Kingsburg is a 2-5 player worker placement game that uses dice as its workers. This mechanic allows for plentiful options without overloading the players.
In a worker placement game, each player has a set number of workers that they can assign to different tasks. This number is finite, so you won’t be able to do everything every turn. Frequently in worker placement games, when one player uses a worker on a specific action, no other player may use a worker on that same action that turn. This makes it important to decide what actions to take when, since someone can take it before you.
Some popular worker placement games include Agricola, Caverna, Lords of Waterdeep, Manhattan Project, Ninjato, and Stone Age.
The goal of the game is to build buildings, score points, and fend off yearly attacks.
The game is divided into five years. Each year has three Productive Seasons where players roll dice, influence advisors, and build a building (the meat of the game). These are separated by minor, kingly interventions, and at the end of the year, there is an attack that can potentially lose players points.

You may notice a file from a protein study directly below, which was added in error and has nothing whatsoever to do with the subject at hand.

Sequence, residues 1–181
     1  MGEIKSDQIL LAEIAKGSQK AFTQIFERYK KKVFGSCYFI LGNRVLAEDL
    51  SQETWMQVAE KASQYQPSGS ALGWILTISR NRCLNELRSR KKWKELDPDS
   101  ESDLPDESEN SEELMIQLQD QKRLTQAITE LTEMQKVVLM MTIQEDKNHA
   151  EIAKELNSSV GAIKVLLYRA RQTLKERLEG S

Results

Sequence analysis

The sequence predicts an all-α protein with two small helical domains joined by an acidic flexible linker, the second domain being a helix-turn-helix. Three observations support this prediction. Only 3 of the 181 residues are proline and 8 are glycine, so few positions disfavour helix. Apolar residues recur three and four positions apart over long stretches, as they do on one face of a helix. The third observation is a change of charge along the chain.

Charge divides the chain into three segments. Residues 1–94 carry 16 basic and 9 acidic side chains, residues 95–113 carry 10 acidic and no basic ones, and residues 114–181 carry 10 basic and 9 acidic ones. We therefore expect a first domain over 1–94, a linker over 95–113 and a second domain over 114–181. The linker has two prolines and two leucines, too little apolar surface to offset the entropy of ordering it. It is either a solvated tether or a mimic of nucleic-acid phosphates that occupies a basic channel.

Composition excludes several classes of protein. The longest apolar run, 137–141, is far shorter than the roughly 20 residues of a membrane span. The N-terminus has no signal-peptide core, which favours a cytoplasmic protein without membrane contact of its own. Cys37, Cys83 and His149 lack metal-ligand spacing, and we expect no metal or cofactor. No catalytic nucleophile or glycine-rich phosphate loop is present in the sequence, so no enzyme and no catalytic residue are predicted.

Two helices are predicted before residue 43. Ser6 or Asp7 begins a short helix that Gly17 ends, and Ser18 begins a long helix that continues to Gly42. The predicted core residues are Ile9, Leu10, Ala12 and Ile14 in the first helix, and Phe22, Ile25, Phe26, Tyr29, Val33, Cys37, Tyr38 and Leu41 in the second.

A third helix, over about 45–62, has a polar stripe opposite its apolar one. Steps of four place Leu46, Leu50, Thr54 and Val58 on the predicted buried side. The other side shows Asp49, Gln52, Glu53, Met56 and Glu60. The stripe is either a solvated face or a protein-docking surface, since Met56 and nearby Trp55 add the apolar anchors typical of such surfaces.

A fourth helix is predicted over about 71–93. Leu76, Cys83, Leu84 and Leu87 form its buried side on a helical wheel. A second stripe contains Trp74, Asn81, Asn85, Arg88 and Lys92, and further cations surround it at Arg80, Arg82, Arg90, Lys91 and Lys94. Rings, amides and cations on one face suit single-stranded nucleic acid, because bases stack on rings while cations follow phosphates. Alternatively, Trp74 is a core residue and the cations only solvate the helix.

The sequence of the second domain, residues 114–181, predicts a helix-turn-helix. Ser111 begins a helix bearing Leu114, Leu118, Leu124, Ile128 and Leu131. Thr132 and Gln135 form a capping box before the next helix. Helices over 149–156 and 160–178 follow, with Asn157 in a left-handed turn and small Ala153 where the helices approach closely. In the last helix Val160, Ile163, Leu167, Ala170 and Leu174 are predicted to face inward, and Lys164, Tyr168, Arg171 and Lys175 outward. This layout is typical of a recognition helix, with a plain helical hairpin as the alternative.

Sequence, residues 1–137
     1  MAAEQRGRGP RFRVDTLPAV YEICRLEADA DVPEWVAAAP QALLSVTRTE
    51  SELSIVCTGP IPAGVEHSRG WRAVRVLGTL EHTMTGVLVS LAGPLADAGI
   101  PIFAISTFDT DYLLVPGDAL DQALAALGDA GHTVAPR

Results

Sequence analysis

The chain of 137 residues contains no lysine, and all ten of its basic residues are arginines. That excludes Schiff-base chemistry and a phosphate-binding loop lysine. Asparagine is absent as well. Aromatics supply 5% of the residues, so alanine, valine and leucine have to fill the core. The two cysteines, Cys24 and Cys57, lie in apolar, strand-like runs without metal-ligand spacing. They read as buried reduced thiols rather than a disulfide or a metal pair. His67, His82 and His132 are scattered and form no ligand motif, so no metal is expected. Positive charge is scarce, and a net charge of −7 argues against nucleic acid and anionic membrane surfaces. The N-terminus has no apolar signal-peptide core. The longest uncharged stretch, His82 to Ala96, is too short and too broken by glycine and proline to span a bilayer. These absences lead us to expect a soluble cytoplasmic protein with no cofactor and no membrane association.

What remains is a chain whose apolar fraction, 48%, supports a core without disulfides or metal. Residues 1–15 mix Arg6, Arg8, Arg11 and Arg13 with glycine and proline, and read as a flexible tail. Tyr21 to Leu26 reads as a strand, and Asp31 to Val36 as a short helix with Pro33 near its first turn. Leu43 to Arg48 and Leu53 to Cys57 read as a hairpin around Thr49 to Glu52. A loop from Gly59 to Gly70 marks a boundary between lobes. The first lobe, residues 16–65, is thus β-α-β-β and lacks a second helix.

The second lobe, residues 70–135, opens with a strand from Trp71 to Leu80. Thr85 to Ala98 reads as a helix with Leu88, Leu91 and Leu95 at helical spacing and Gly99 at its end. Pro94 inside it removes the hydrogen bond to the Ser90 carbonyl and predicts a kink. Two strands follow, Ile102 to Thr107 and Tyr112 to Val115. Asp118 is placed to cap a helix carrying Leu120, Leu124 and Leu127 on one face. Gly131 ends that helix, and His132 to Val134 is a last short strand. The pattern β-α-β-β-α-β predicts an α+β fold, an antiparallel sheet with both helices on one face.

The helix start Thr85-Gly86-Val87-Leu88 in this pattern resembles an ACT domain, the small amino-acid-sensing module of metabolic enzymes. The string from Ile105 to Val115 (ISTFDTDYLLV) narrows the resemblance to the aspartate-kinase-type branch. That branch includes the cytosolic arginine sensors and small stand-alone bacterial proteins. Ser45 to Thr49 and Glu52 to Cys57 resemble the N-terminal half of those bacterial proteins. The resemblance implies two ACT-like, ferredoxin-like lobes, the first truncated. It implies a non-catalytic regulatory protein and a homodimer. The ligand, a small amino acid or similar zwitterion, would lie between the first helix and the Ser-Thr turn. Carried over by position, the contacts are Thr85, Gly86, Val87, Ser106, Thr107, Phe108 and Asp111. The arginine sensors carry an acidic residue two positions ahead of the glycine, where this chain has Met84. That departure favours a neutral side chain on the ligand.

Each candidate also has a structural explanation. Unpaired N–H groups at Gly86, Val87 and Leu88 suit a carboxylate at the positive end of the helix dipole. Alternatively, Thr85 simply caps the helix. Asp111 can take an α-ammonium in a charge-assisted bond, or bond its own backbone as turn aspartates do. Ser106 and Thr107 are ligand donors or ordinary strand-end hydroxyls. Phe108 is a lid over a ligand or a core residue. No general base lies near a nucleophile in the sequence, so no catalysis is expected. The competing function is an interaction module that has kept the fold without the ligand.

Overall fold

How to Play
Each year is divided into 8 phases:
- Aid from the King
- Spring Productive Season
- The King’s Reward
- Summer Productive Season
- The King’s Envoy
- Autumn Productive Season
- Recruit Soldiers
- Winter – The Battle
The bulk of the game takes place in the three Productive Seasons (Spring, Summer, and Autumn). In these Productive Seasons, players roll their dice, influence advisors, and optionally build a building.
Roll the Dice
All players roll their three dice. The player with the highest combined total will be last to influence an advisor in this season. To represent this, place that player’s colored disk at the bottom of the Turn Order Chart. The player with the next highest combined total is placed second to last. Repeat until everyone’s disk has been placed.